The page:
Zermatt To Use Sheep in Emergency Mountain Rescue Teams
Zermatt has announced a new pilot project to integrate sheep into their Alpine rescue effort beginning from this summer.

The Swiss resort reports that a few sheep have already been trained to look for and find injured hikers on their own in the Alpine area so that they can then be rescued in the shortest time possible.

“We are taking a major step forwards in mountain rescue beginning this summer,” says the helicopter pilot and CEO of Air Zermatt, Gerold Biner.
In collaboration with the 30-year old Zermatt sheep breeder, Rebecca Julen, a programme was developed for training the sheep as rescue sheep.
“The latest studies show that sheep have qualities, which were not known by scientists until now. However, we sheep breeders have known for some time that black-nose sheep are amazingly good at orienting themselves in the mountains,” said Rebecca Julen.

In addition, their sure-footedness, no fear of heights, terrain intelligence and weather resistance are better developed than in the search dogs.
“Our sheep know precisely how to get from A to B as quickly as possible in the mountains. Therefore, they are predestined to provide assistance in an Alpine setting,” emphasises Rebecca Julen.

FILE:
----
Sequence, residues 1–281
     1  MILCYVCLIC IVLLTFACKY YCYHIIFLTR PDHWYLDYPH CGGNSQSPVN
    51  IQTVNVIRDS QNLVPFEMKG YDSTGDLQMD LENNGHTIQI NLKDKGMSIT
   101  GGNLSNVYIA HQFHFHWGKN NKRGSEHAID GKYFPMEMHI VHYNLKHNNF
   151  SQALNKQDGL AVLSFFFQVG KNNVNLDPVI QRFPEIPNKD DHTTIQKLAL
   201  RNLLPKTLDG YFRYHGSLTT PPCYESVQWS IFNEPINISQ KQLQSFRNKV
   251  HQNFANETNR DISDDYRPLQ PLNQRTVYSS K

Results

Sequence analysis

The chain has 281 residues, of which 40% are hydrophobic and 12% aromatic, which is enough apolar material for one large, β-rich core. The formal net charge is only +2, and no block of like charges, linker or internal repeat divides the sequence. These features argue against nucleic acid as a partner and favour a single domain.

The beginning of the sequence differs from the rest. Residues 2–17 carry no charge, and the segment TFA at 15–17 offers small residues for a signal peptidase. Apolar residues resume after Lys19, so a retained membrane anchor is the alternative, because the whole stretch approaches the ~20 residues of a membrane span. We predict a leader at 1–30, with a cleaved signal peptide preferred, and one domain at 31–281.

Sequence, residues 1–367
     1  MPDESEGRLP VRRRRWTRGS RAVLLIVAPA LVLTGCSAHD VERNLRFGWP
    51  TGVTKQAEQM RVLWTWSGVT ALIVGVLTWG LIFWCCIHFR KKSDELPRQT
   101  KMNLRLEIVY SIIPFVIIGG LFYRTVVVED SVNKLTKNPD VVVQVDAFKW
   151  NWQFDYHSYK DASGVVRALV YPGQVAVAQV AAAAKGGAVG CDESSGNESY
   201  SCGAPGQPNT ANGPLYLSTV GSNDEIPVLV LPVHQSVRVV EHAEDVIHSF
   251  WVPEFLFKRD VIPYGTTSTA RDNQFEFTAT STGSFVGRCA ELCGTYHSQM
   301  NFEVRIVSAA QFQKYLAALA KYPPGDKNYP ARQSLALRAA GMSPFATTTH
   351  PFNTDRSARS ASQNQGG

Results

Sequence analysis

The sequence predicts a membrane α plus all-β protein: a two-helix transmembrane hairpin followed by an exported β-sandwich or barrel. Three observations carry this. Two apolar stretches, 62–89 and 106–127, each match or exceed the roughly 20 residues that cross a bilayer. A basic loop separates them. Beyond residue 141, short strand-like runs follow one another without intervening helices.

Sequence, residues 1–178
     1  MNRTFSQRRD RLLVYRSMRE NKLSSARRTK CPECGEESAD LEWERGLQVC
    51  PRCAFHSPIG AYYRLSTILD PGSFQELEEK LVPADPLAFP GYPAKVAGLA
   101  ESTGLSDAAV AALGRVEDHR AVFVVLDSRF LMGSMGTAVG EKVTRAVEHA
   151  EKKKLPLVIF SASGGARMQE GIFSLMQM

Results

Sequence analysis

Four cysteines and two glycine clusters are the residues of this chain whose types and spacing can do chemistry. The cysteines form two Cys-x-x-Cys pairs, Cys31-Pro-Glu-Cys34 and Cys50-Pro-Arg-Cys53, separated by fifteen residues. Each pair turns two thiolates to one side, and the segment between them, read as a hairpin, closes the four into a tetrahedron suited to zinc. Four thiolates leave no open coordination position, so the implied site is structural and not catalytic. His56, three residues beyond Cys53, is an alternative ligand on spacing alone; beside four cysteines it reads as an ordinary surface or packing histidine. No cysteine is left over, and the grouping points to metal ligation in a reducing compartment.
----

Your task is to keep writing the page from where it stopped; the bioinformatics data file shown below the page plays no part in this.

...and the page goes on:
Alpine rescue was developed in Zermatt in the 1960s – with helicopters, rescue columns of mountain guides, and including rescue dogs. Therefore, it seemed a natural progression that the ‘local experts’ assume a pioneering role by taking this unconventional step, a resort spokesperson explained. Preliminary work ran continuously all winter long. A training camp suitable for the animals was set up for a team of selected professional sheep.

“The first sheep have already completed various training units,” says Gerold Biner, CEO of Air Zermatt.

And this is how the “rescue sheep” project works:

The trained sheep move together with their herds over the open Alpine meadows throughout the summer. As soon as the trained black-nose sheep sense, hear or smell that a hiker is in trouble or even has collapsed in the meadow, they immediately set off for the injured person.

Since they wear an SOS set on their bodies, the injured person can call for help. The set has a clearly visible emergency button, which the victim can press, and this sets off the Sheep Alarm at the Air Zermatt helicopter base.
The pilot then flies towards the GPS location transmitted by the SOS set.

The set also has First Aid medication and material, which the missing person can use until the helicopter arrives. This is similar to the St. Bernard dogs with their schnapps barrels, which were the legendary rescuers back then.

“With modern technology and well oriented sheep, we are working on taking a new approach to the rescue process,” concludes the helicopter rescue specialist Gerold Biner.

Patrick Thorne, also known as the Snow Hunter, is an industry expert in all technical developments in snow sports. In addition to his work Patrick is also father and knows the importance and fun of kids on snow www.thesnowhunter.com.

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